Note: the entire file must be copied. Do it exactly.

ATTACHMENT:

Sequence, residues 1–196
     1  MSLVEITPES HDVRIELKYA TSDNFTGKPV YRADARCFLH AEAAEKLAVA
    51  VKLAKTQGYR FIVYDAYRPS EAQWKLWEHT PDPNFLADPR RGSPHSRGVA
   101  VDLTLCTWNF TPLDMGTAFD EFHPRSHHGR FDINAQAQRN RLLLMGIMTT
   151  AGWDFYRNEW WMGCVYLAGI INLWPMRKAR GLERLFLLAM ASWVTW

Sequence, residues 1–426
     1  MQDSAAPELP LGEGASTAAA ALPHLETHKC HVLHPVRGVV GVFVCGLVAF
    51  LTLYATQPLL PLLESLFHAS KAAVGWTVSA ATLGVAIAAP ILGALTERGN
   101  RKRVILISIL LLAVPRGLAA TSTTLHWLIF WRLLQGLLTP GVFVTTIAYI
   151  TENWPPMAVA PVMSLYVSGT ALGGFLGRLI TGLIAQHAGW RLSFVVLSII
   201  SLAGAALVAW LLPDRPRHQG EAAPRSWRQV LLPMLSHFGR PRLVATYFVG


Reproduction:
Sequence, residues 1–196
     1  MSLVEITPES HDVRIELKYA TSDNFTGKPV YRADARCFLH AEAAEKLAVA
    51  VKLAKTQGYR FIVYDAYRPS EAQWKLWEHT PDPNFLADPR RGSPHSRGVA
   101  VDLTLCTWNF TPLDMGTAFD EFHPRSHHGR FDINAQAQRN RLLLMGIMTT
   151  AGWDFYRNEW WMGCVYLAGI INLWPMRKAR GLERLFLLAM ASWVTW

Sequence, residues 1–426
     1  MQDSAAPELP LGEGASTAAA ALPHLETHKC HVLHPVRGVV GVFVCGLVAF
    51  LTLYATQPLL PLLESLFHAS KAAVGWTVSA ATLGVAIAAP ILGALTERGN
   101  RKRVILISIL LLAVPRGLAA TSTTLHWLIF WRLLQGLLTP GVFVTTIAYI
   151  TENWPPMAVA PVMSLYVSGT ALGGFLGRLI TGLIAQHAGW RLSFVVLSII
   201  SLAGAALVAW LLPDRPRHQG EAAPRSWRQV LLPMLSHFGR PRLVATYFVG